WATCH: CodeTALK on Affordability (May 8, 2017)
More Diverse Housing Choice
Challenge: Two forms of housing dominate Austin: single-family houses and large apartment buildings. This lack of housing variety does not reflect Austin’s diversity and contributes to growing affordability issues.
Solution: The new code allows more diversity in housing types, such as duplexes, multiplexes, cottages, courtyard buildings, rowhouses, live/work spaces, and accessory dwelling units. Unless incompatible with existing uses, most zones now allow some residential uses.
More Units By Right
Challenge: Housing supply has fallen well short of demand, due in part to cumbersome and unnecessary regulations. Much of the new housing that has been built caters only to specific market segments.
Solution: By allowing more units and incentivizing a range of unit sizes, the new code makes it easier to develop more housing to suit a range of space and economic needs while ensuring it is built in a context-sensitive manner to work within the character of the neighborhood.
Challenge: While providing some crucially needed affordable housing units, the current mix of affordable housing incentive programs are not meeting the large need in our community or keeping up with the changing market.
Solution: The new code introduces a citywide Affordable Housing Bonus incentive framework in a broader spectrum of zones to incentivize the creation of affordable units across the city. The framework is designed to be adjusted over time to respond to changing market conditions and continue to stimulate the production of affordable homes.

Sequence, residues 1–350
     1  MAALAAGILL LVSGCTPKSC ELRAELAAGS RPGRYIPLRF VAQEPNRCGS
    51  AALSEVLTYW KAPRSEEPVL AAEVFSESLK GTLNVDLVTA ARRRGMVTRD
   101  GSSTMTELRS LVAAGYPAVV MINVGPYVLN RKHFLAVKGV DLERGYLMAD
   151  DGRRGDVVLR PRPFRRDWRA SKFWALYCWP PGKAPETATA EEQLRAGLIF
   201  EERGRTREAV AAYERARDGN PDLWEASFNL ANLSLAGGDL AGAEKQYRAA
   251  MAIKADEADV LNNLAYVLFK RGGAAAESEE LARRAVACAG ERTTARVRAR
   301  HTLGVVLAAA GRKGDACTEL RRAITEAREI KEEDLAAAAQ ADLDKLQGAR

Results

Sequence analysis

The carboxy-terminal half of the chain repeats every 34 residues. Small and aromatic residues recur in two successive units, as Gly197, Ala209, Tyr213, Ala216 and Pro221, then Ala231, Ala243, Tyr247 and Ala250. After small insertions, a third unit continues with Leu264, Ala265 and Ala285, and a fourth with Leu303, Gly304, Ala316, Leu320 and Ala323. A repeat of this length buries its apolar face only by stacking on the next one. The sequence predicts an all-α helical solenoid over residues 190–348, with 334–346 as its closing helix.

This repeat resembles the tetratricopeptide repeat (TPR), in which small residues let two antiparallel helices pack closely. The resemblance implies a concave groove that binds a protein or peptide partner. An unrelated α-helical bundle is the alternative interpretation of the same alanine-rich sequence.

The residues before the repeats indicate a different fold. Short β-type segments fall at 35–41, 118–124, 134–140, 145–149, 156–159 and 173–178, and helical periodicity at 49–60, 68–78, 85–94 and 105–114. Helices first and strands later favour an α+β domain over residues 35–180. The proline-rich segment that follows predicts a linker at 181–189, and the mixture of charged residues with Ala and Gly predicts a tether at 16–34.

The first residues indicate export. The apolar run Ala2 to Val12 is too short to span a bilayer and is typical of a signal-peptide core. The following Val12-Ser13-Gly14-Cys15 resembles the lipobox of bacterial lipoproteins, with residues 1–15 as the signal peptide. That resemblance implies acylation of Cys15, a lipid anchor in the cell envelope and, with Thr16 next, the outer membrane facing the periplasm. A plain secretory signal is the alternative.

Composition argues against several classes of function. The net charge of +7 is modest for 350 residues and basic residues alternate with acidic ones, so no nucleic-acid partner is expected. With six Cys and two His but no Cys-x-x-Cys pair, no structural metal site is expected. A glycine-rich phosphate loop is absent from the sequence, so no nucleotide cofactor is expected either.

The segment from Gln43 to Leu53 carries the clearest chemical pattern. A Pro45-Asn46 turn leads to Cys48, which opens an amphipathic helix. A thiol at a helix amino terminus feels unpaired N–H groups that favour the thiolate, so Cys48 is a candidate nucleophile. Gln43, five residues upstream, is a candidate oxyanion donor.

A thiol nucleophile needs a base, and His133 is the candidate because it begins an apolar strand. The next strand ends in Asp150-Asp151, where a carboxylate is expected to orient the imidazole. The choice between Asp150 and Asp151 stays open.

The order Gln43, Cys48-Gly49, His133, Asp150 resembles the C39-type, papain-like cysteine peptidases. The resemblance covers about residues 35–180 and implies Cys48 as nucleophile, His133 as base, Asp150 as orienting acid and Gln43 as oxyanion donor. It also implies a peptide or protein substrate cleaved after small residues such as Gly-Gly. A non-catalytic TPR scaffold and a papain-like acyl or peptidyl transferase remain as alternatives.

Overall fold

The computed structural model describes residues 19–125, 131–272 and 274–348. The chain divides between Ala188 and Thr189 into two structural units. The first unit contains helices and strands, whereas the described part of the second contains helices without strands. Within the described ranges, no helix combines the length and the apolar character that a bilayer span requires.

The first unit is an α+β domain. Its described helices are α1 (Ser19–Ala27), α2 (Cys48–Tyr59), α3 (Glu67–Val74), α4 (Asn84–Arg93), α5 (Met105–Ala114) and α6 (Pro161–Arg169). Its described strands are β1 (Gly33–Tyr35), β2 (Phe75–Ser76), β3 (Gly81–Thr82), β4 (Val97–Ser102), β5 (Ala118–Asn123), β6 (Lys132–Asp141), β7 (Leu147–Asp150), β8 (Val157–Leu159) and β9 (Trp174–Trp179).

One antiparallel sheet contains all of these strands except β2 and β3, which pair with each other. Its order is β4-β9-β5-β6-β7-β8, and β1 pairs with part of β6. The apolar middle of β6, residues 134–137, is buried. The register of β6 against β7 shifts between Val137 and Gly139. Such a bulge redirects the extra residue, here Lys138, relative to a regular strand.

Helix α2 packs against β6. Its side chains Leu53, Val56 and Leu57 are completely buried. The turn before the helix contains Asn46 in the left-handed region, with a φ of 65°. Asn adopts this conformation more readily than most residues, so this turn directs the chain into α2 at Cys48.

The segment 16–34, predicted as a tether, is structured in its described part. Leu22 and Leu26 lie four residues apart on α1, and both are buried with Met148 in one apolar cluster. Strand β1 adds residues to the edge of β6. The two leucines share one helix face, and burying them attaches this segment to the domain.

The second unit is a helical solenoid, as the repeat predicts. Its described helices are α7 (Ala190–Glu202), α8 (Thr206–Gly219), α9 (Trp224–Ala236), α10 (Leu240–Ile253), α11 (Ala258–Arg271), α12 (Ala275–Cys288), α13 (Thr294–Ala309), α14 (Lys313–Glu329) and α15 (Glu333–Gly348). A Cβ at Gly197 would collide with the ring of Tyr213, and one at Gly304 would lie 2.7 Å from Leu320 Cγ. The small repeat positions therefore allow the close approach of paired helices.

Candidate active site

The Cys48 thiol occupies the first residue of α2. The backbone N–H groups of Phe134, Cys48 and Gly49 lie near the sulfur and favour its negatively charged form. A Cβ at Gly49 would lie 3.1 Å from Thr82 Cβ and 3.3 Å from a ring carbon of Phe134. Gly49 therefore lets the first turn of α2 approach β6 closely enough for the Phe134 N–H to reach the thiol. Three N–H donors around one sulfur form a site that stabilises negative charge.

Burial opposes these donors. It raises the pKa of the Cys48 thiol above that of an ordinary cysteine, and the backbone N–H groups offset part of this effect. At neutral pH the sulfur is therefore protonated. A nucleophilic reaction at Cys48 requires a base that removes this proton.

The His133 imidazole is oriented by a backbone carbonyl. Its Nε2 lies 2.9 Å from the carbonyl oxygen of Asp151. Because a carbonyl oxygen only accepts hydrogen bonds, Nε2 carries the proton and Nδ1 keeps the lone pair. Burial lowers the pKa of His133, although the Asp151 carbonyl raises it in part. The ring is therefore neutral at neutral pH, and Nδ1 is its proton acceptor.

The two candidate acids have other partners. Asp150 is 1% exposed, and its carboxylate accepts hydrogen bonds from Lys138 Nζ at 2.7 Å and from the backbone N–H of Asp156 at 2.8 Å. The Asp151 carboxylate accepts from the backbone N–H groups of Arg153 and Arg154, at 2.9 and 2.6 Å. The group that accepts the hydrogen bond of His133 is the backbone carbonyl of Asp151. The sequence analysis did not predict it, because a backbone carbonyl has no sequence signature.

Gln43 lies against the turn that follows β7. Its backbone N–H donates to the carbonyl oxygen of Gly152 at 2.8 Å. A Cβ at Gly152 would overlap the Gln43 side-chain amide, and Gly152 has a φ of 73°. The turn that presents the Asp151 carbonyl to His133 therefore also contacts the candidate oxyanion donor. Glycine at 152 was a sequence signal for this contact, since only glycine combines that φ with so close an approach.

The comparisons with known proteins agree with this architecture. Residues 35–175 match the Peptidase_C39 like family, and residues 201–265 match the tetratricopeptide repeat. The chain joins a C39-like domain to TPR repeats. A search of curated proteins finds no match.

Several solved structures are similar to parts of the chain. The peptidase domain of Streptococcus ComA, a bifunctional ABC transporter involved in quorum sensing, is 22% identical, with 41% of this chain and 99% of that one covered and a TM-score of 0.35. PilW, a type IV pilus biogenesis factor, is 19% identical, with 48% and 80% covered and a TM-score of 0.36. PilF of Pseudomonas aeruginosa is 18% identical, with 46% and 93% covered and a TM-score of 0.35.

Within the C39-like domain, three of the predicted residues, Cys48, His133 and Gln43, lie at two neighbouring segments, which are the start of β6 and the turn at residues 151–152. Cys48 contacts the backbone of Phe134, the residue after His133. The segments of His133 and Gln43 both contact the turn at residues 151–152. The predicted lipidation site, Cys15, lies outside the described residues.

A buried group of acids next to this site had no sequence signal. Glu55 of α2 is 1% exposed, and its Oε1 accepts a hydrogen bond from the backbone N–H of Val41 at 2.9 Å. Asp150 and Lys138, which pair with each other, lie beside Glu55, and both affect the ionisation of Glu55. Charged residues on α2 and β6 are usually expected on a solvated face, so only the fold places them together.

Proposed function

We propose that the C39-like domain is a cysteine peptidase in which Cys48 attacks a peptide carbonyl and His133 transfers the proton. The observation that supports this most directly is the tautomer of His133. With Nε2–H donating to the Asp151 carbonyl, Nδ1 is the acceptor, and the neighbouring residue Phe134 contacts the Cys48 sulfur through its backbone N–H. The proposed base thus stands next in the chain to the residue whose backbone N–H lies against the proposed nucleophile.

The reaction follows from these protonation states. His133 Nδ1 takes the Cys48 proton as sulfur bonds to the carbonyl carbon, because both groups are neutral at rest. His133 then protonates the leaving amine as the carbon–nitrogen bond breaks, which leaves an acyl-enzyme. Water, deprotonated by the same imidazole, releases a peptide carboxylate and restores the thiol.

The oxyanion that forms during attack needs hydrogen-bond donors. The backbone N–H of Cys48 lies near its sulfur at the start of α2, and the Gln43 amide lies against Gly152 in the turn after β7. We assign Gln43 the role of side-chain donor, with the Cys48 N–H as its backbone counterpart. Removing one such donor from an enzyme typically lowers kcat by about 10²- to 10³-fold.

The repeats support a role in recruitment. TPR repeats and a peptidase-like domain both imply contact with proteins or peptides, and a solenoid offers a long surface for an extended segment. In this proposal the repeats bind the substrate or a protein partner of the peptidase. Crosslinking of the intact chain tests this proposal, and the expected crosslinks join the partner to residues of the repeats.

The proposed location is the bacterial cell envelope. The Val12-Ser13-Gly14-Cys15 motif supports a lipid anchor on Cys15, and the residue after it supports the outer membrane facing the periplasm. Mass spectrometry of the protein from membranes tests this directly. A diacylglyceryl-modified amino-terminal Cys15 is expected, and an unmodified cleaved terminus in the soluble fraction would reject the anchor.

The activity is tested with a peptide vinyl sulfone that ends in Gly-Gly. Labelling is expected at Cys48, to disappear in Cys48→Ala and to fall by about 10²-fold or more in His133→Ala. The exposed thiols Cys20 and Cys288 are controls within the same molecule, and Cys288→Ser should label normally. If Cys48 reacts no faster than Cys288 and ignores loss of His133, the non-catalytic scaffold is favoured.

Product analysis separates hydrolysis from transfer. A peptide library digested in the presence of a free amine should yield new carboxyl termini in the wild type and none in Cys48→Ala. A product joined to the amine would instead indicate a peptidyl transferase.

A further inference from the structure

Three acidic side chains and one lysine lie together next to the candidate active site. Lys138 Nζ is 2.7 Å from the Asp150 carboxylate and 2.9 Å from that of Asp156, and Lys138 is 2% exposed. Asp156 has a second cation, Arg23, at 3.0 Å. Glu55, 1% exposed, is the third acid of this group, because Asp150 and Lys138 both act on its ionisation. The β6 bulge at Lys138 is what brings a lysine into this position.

Flexible Live/Work Places
Challenge: The existing code is based on an old model of large-scale office and industrial development, and limits the ability of small business owners to live and thrive in Austin.
Solution: A greater range of building types, such as live/work, and new uses that are compatible with neighborhoods, main streets, and light industrial areas, allow Austin to provide more housing and job choices.
Challenge: New development occurs in pods of single-family or multi-family uses with few access points, weakening walkability, creating traffic bottlenecks, and isolating housing options.
Solution: Strengthening existing regulations for subdivisions, including street, sidewalk, and trail connectivity, and encouraging a diverse mix of housing types, creates development that connects with surrounding communities and improves walkability.